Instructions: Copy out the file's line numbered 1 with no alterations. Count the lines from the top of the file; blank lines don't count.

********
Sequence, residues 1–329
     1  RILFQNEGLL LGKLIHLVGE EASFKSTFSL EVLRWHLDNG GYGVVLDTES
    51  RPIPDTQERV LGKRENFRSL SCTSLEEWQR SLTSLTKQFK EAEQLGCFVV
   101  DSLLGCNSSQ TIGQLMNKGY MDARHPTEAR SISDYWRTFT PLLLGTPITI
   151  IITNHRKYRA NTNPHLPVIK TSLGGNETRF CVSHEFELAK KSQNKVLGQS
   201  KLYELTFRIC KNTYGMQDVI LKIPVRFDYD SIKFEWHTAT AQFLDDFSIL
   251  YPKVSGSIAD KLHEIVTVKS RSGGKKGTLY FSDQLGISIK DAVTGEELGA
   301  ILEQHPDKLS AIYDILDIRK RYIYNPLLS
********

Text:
Sequence, residues 1–329